My personal loss puts the suffering of too many others in perspective

I am suffering a loss.

My loved one lived almost nine decades. I understand why he is gone but still I am sad, lonely, angry, heartbroken and at a loss as to what to do on this earth without him.

(Stock photo)

From this recent gut-wrenching experience, it has made me think of all those daughters, sons, mothers, fathers, sisters, brothers, aunts, uncles who have lost loved ones way too early and without the understanding of why. I cannot imagine the sadness that is rippling across this state as a result of these inexcusable deaths.

Can you believe we are losing a life everyday to this opiate epidemic every day?! By the time I finish writing and editing this blog post there may be another life lost.

Last year we lost 378 lives. These deaths were caused almost entirely by opioids – prescription painkillers, heroin and now fentanyl, a powerful synthetic drug. Remember when we were all scared of the “c word”? Well, now it’s the “o word.”

Things aren’t slowing down. They seem to be speeding up, and from what I can see there’s no signs of stopping.

So, enter Narcan. This is a drug that can be administered as easily as a nasal spray. You know what? Get this: An overdose can be occurring, and this drug will reverse it. Is it a life-saver? Yes, it is.

As I sit shocked and disguised by the stats, I know that these numbers would be higher, the list of loved ones would be longer, if not for the increased availability and use of Narcan.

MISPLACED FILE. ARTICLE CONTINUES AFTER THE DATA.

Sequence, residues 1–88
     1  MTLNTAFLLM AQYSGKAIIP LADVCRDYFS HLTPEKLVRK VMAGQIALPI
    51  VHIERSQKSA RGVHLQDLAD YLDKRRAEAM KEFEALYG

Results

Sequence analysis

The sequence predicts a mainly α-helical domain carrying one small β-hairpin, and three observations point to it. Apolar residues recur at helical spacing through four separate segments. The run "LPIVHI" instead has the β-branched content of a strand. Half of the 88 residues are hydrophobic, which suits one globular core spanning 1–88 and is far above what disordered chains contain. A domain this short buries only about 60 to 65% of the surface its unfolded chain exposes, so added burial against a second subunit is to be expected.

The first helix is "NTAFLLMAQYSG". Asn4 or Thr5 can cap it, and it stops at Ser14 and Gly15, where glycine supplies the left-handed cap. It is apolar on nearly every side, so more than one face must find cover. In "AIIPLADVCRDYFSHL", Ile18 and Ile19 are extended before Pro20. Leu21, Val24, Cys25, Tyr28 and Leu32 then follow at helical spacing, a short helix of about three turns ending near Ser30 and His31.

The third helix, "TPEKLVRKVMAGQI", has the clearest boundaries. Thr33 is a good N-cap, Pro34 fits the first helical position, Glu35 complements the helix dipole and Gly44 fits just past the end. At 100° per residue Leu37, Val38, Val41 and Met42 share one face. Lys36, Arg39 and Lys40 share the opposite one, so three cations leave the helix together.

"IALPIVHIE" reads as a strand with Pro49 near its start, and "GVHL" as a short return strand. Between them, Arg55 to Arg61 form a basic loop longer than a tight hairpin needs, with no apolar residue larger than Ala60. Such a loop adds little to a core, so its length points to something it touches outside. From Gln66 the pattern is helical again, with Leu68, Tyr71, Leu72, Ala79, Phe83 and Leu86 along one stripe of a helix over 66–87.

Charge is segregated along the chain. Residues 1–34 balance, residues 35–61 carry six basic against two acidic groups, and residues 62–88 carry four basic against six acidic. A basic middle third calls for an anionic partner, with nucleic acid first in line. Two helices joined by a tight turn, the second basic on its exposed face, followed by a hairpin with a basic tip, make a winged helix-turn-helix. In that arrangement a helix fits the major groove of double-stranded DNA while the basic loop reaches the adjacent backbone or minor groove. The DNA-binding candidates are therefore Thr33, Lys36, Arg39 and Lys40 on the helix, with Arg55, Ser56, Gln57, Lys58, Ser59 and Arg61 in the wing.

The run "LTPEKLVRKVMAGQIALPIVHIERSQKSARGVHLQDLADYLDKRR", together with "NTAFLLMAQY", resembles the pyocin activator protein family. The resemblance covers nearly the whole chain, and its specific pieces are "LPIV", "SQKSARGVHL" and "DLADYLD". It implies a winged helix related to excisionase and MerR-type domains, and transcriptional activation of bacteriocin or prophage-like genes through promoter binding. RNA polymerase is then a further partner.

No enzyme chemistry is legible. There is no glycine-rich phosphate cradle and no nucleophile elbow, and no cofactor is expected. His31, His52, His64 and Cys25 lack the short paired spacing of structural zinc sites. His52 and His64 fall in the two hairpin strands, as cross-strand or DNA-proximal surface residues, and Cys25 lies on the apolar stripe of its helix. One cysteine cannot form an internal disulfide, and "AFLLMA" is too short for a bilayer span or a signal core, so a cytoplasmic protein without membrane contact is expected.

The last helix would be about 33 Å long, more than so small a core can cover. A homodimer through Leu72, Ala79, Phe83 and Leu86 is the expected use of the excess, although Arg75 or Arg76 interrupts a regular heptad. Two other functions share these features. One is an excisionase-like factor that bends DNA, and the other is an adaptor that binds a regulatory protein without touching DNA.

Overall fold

In 2016, rescue workers used Narcan 2,380 times, up from 1,565 the year before, according to state data. That’s 2,380 lives that were saved — human beings who are loved and cared for, people who may now have the opportunity to show care and compassion to others, and to help their communities. That’s easily well over 10,000 people saved from experiencing the grief and sadness caused by a loved one’s death.

Attorney General Janet Mills was quoted saying:

“We are losing more than one person each day to a drug overdose. We need to reach out to friends and neighbors and let them know that whatever is wrong in their lives, no drug is going to solve their problems, not for one second.”

How do we help, how do we reach out? From the efforts of the Community Health Leadership Beard, there is now a way to help. Narcan. $50 will save a life. Go to to donate.

Created by St. Joe’s Communications team. Checks go to St. Joe’s Healthcare Foundation.

You know sometimes you just need to do something: $50 creates one risk reduction kit. Maybe that will help me in some small way to begin to heal from my loss.